# What's the total specific energy of RTG?

How many joules of electric energy can you draw out of an RTG battery over its lifetime - and what's the mass of that battery? (whole; shell, thermocouples, fuel and all.)

(realizing, that the power drops off asymptotically towards zero over time, pick any reasonable cut-off point you like - say, 10% of initial output or any other you prefer.)

• Power ratings are available here - note they have been made in a lot of sizes. Might be useful for anyone who wants to have a go. – Andy Jul 11 '16 at 14:38
• @Andy: it lacks any data poins on energy drop-off over time. Is it a direct function of Pu-238 decay (half the output after half-life period) or does it depend on other factors? – SF. Jul 11 '16 at 16:21
• Okay, you've got all the pieces -- show us the numbers for an RTG-laser drive interstellar craft. – Russell Borogove Jul 12 '16 at 3:06
• @RussellBorogove: It's somewhere in the back log of the Pod Bay, and doesn't look promising, I got something of order of 1m/s per 11 days. That's a measly 9km/s over lifetime of the craft if I use the 291 years figure and disregard the exponential drop-off. Locally emitted photons make a really lousy reaction mass. – SF. Jul 12 '16 at 5:00
• (and it's not a laser propulsion (laser being a wasteful device) but a photon propulsion, taking all of RTG radiation, thermal, gamma, and so on, and reflecting it "backwards", for least losses and maximum thrust. (actually minus the 5% or so made into electricity, which would be used to run the probe systems. The "waste heat" would be the propulsive force.) ) – SF. Jul 12 '16 at 6:29

The lifespan of a Radioisotope Thermoelectric Generator (RTG) is entirely dependent on how big you want it to be. A larger RTG will live longer, but will, obviously, be more massive. Curiosity's RTG weighs 45 kg, including all the exterior cladding.

All of the RTGs in use by NASA use Plutonium-238 as a fuel source. According to Wikipedia, Pu-238 has a half-life of 87.7 years, meaning the power output will decay by about 0.787% per year. Curiosity's RTG was designed to provide 125 watts of power when it was first built. Assuming this constant decay rate, it will take 114.35 years for the power delivered by Curiosity's RTG to decay to 10% Of course, Curiosity requires a great deal more than 12.5 watts of power to run, so it will have failed long before this.

Doing some rough calculations, over the course of 114.35 years, Curiosity's RTG will supply a total of 248,000,000,000 Joules. To calculate this, I simply integrated: $$E = 125watts - (0.00787) \frac{1 year}{3.154*10^7 seconds} (125 watts)*t$$ (I don't have experience with MathJax, so this is the best I could do with the equation formatting. I am pretty sure this math is correct, though someone might want to check it for me.).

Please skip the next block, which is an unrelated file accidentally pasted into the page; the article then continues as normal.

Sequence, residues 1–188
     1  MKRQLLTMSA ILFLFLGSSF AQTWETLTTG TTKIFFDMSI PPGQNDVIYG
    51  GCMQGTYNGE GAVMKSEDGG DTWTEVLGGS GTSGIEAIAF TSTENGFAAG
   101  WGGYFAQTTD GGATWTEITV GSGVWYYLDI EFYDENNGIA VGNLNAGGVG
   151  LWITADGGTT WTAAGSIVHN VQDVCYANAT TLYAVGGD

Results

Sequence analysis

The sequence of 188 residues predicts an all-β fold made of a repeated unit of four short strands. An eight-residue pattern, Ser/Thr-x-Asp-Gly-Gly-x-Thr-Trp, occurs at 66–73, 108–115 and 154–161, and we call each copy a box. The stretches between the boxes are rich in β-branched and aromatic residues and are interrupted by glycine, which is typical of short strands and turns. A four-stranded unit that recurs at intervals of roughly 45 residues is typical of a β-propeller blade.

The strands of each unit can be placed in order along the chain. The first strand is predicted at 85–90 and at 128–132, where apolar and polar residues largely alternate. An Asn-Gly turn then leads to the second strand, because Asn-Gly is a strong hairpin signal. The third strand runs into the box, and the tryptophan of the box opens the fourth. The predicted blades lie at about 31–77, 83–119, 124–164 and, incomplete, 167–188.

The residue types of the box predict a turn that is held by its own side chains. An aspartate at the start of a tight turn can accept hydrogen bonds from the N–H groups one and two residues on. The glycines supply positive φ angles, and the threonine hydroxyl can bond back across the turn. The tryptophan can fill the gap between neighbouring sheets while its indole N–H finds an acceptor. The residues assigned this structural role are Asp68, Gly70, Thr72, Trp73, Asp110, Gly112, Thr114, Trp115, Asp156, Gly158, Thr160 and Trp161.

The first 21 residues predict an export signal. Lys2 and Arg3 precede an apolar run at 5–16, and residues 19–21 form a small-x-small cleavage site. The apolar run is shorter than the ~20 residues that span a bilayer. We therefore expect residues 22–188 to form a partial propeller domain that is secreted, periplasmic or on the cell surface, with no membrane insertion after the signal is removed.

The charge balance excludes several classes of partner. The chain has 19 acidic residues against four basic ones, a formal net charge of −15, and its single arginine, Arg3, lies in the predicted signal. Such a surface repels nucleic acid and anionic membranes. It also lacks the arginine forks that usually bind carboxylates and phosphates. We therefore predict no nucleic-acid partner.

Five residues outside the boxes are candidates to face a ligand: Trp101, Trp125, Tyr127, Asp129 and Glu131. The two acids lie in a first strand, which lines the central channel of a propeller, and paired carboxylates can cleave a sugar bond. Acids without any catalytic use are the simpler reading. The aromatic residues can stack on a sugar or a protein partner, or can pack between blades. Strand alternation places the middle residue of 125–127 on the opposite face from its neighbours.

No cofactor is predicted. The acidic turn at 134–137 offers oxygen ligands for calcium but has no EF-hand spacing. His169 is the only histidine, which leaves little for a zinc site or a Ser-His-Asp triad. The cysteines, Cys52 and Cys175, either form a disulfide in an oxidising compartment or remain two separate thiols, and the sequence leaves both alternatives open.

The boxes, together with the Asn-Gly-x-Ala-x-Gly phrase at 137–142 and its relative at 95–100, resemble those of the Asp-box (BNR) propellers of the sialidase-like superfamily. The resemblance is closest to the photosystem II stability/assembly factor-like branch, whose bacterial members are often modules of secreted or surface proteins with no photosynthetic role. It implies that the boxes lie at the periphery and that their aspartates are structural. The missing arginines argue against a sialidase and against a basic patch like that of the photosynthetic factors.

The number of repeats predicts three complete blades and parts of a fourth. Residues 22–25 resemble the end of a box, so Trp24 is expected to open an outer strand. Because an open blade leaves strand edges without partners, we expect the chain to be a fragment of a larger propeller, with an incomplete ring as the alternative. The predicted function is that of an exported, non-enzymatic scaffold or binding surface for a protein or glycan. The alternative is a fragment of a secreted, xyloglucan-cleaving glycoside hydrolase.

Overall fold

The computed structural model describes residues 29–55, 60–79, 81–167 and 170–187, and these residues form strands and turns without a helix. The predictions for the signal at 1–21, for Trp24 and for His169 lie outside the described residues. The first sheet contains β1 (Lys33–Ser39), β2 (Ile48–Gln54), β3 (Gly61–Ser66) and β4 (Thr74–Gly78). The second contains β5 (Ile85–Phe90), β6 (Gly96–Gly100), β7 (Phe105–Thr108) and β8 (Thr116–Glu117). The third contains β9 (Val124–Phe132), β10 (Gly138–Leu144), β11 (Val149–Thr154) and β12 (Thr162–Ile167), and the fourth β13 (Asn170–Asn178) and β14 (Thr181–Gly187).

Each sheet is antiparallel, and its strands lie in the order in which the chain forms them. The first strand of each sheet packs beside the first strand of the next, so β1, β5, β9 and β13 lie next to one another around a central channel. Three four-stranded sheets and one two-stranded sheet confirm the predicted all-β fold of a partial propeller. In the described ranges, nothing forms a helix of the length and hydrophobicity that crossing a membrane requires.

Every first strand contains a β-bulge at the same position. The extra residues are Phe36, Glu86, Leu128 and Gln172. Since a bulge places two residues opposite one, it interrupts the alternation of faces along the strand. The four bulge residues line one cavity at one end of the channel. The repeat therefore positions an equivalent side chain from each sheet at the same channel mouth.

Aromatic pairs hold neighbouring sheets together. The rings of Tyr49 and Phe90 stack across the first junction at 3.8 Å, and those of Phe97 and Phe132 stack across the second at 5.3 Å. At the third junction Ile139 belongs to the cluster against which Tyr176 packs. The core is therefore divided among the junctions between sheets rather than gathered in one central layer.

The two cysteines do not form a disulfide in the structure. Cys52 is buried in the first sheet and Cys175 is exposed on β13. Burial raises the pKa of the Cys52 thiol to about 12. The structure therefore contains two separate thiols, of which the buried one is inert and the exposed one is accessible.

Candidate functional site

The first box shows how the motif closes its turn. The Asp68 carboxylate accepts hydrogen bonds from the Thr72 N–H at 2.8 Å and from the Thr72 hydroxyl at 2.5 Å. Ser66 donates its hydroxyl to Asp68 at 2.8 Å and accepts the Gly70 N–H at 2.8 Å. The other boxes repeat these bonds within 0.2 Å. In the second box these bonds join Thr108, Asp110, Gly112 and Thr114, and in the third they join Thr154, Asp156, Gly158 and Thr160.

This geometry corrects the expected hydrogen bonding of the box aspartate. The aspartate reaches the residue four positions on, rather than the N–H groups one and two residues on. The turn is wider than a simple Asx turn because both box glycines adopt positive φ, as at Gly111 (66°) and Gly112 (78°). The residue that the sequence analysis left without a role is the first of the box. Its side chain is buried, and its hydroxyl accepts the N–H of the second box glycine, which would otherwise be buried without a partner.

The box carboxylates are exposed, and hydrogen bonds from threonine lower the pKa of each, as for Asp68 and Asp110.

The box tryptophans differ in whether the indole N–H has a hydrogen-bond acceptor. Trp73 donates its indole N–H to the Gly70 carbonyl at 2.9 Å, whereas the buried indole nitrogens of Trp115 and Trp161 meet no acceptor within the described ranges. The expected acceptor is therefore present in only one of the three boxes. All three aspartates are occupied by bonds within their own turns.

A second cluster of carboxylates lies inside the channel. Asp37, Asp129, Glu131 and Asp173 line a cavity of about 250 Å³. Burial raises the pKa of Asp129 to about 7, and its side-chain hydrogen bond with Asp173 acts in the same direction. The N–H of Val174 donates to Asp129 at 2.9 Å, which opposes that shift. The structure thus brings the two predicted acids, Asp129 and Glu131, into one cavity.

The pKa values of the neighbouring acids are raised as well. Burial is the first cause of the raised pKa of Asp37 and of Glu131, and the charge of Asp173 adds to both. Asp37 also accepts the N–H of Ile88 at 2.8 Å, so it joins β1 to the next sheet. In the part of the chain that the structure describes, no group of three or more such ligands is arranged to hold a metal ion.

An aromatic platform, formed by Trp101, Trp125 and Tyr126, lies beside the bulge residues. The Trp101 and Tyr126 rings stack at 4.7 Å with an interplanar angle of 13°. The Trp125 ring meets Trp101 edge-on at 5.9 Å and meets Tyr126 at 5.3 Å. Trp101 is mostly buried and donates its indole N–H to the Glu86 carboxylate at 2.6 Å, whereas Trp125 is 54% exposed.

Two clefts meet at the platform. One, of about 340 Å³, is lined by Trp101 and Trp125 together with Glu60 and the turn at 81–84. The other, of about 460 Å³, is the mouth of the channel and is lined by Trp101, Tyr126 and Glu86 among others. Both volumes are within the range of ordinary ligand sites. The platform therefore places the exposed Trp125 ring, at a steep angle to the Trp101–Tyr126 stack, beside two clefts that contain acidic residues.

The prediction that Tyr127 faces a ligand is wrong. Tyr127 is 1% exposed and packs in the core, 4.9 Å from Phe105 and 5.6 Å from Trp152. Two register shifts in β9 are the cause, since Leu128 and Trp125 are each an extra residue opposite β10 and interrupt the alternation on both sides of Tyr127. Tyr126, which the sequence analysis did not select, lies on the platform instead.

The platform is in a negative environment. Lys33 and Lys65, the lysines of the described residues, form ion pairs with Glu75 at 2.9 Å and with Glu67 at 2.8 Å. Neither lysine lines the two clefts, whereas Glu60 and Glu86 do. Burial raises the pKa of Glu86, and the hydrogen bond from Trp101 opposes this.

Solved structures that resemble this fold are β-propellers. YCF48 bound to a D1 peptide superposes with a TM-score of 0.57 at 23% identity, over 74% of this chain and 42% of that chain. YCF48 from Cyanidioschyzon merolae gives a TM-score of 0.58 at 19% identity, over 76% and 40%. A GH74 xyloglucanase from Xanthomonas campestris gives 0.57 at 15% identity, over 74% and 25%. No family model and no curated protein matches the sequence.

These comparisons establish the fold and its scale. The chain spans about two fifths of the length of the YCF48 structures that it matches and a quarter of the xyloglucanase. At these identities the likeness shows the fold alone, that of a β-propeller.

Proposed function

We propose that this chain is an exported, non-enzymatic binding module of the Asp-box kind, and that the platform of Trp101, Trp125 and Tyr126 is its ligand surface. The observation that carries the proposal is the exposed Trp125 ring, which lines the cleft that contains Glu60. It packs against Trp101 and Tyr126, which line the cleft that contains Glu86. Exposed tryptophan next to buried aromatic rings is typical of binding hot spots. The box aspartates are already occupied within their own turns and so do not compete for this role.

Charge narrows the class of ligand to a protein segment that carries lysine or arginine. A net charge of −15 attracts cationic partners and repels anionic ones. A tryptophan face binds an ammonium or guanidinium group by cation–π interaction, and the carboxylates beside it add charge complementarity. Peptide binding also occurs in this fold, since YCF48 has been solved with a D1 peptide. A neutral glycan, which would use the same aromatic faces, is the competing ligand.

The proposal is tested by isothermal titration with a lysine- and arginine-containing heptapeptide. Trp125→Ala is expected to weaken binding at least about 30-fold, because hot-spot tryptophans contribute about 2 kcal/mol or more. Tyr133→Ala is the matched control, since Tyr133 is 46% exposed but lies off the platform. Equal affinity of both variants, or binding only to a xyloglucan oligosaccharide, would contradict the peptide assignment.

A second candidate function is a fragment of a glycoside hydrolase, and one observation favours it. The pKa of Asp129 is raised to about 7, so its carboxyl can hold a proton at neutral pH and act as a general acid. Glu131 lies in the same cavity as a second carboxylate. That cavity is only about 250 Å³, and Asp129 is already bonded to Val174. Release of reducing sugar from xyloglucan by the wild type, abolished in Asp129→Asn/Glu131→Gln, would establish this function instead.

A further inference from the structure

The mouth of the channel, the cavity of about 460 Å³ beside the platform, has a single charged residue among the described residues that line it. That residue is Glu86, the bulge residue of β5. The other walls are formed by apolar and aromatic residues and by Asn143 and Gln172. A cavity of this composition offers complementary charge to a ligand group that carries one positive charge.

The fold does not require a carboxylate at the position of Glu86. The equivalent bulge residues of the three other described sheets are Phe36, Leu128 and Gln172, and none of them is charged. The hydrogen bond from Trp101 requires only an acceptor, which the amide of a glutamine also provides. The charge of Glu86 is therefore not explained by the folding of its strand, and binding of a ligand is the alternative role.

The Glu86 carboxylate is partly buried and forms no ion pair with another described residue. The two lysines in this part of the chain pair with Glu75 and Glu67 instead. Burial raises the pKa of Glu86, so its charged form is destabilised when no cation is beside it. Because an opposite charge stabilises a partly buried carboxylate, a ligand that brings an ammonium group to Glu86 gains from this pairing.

More information about the RTGs used on specific missions can be found here, as given by Andy in the comment to the original question..

• Nice, so 10 gigajoules per kg. With a magical drive that weighs nothing, works at 100% efficiency and converts all input electrical energy into kinetic energy (speed), the RTG would still barely exceed 140km/s (10GJ of kinetic energy per kilogram.) Nuclear drive won't be a relativistic drive. – SF. Jul 11 '16 at 16:35
• @SF. note RTGs are under 10% efficient by the way. I gather typical ones may produce 100 W of electricity but actually output more than 1 kW as thermal energy (waste heat.) – Andy Jul 11 '16 at 16:39
• @Andy: but that "magical drive" is not entirely an unobtainium: a ion drive in form of a linear accelerator, exploiting void and vastness of space (simply, being longer than possible on Earth, and simultaneously very lightweight) could very well give fuel ISp of relativistic proportions, and might even run on interplanetary medium - but it would run on electricity, not on thermal energy. – SF. Jul 11 '16 at 16:52
• This is a reasonable assumption, however actual RTG's don't decay in such an orderly fashion. There was a link to a presentation in the last RTG question that had a very interesting graph with output-over-time vs Pu238 decay on page 27. The best result was for Voyager's power system, which still decayed at twice the speed one would expect from just decay. – Ordous Jul 11 '16 at 19:19
• Here is the link to that presentation. – Phiteros Jul 11 '16 at 19:24

If you allow the time to go to infinity, on the assumption that power continues to be produced at arbitrarily low heat output (which it doesn't), and that the conversion system maintains the same efficiency (it doesn't), then you get simply:

$$E_\infty=P_0{t_{1/2}\over\log 2}$$

where $P_0$ is the initial power and $t_{1/2}$ is the half-life. This assumes that only one decay is contributing to the energy output. It gets more complicated for a chain of daughter products, but that won't matter in this case if you only go to a few hundred years. To cut it off at time $T$, the energy up to that point is:

$$E_T=P_0{t_{1/2}\over\log 2}\left(1-e^{-{T\log 2\over t_{1/2}}}\right)$$

Since you asked about going down to some fraction of the original power, let's call that $f$, this simplifies to:

$$E_f=P_0{t_{1/2}\over\log 2}\left(1-f\right)$$

So for $f=0.1$, $t_{1/2}=87.7\,\mathrm{y}$, and $P_0=125\,\mathrm{W}$, we get $E_f=449\,\mathrm{GJ}$. That's a while though, since $f=0.1$ at $T=291\,\mathrm{y}$.

The above significantly underestimates the reduction in power of a real RTG. The degradation of the thermoelectric converters can equal or exceed the decay rate of the Plutonium. See this presentation for more details. The half-life can however be used as shown above to estimate the total heat output of the RTG, if $P_0$ is the initial heat flux.